Heterogeneous oxidation of SO2 is an effective production pathway of sulfate in the atmosphere. We recently reported a novel pathway for the heterogeneous oxidation of SO2 by in-particle oxidants (OH, NO2, and NO2 -/HNO2) produced from particulate nitrate photolysis (Environ. Sci. Technol. 2019, 53, 8757-8766). Particulate nitrate is often found to coexist with chloride and other halide ions, especially in aged sea-salt aerosols and combustion aerosols. Reactive uptake experiments of SO2 with UV-irradiated nitrate particles showed that sulfate production rates were enhanced by a factor of 1.4, 1.3, and 2.0 in the presence of Cl-, Br-, and I-, respectively, compared to those in the absence of halide ions. The larger sulfate production was attributed to enhanced nitrate photolysis promoted by the increased incomplete solvation of nitrate at the air-particle interface due to the presence of surface-active halide ions. Modeling results based on the experimental data showed that the nitrate photolysis rate constants increased by a factor of 2.0, 1.7, and 3.7 in the presence of Cl-, Br-, and I-, respectively. A linear relation was found between the nitrate photolysis rate constant, jNO3-, and the initial molar ratio of Cl- to NO3 -, [Cl-]0/[NO3 -]0, as jNO3- = 9.7 × 10-5[Cl-]0/[NO3 -]0 + 1.9 × 10-5 at [Cl-]0/[NO3 -]0 below 0.2. The present study demonstrates that the presence of halide ions enhances sulfate production produced during particulate nitrate photolysis and provides insights into the enhanced formation of in-particle oxidants that may increase atmospheric oxidative capacity.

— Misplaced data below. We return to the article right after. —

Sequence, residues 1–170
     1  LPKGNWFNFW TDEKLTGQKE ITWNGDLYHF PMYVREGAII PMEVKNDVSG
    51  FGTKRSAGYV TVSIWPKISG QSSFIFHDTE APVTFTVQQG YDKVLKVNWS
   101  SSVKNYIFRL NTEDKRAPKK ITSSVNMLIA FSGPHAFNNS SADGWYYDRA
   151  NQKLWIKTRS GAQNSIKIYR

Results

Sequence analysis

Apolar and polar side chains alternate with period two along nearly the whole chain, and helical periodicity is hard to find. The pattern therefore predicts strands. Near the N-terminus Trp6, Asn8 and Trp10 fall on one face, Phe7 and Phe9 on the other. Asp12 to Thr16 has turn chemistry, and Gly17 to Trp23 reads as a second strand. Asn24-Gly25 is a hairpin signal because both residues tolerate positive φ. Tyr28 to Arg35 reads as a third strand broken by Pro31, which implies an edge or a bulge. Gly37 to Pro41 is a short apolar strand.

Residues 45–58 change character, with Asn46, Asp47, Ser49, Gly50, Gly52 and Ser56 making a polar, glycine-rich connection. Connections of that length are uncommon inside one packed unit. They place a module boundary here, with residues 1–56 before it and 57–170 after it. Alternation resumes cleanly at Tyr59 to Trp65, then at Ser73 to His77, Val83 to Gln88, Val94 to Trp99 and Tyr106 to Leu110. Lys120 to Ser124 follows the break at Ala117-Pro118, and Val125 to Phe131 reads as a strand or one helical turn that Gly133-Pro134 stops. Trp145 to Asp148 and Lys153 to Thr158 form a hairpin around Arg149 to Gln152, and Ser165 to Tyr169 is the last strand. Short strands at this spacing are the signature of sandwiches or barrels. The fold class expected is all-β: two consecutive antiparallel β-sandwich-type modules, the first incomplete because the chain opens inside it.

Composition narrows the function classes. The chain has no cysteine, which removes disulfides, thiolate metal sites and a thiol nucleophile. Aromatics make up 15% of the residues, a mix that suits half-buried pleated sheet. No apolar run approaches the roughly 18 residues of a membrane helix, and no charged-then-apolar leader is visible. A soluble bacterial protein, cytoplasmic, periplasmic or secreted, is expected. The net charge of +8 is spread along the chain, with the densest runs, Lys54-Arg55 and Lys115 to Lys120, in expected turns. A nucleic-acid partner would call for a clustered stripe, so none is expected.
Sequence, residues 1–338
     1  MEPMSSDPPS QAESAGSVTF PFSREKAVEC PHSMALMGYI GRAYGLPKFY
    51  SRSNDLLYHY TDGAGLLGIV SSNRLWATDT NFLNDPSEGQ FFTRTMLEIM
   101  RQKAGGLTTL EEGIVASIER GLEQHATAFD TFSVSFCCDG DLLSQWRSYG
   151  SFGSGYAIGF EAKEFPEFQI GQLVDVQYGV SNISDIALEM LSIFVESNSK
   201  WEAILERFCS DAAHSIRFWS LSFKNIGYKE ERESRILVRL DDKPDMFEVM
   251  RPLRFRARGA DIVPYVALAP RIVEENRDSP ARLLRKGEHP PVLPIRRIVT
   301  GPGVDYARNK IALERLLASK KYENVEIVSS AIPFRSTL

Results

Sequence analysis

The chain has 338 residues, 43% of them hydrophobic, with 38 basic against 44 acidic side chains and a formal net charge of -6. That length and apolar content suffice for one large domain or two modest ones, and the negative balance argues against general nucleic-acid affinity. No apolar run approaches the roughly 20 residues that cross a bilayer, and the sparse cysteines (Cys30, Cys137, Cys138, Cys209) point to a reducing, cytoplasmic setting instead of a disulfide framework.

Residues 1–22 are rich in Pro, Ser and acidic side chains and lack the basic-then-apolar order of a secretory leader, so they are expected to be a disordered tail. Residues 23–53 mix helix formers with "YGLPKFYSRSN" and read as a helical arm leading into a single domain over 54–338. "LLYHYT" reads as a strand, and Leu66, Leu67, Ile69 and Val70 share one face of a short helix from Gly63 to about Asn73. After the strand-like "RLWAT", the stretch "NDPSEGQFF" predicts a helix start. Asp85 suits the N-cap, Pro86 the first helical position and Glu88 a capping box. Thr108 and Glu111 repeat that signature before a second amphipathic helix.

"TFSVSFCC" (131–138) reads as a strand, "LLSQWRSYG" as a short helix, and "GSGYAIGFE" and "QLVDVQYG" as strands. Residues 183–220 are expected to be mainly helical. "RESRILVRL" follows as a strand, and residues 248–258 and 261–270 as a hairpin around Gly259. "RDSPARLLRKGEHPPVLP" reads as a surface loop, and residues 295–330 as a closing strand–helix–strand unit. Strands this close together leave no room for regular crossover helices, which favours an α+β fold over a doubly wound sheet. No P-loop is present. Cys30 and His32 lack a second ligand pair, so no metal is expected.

ASJC Scopus subject areas
- Environmental Chemistry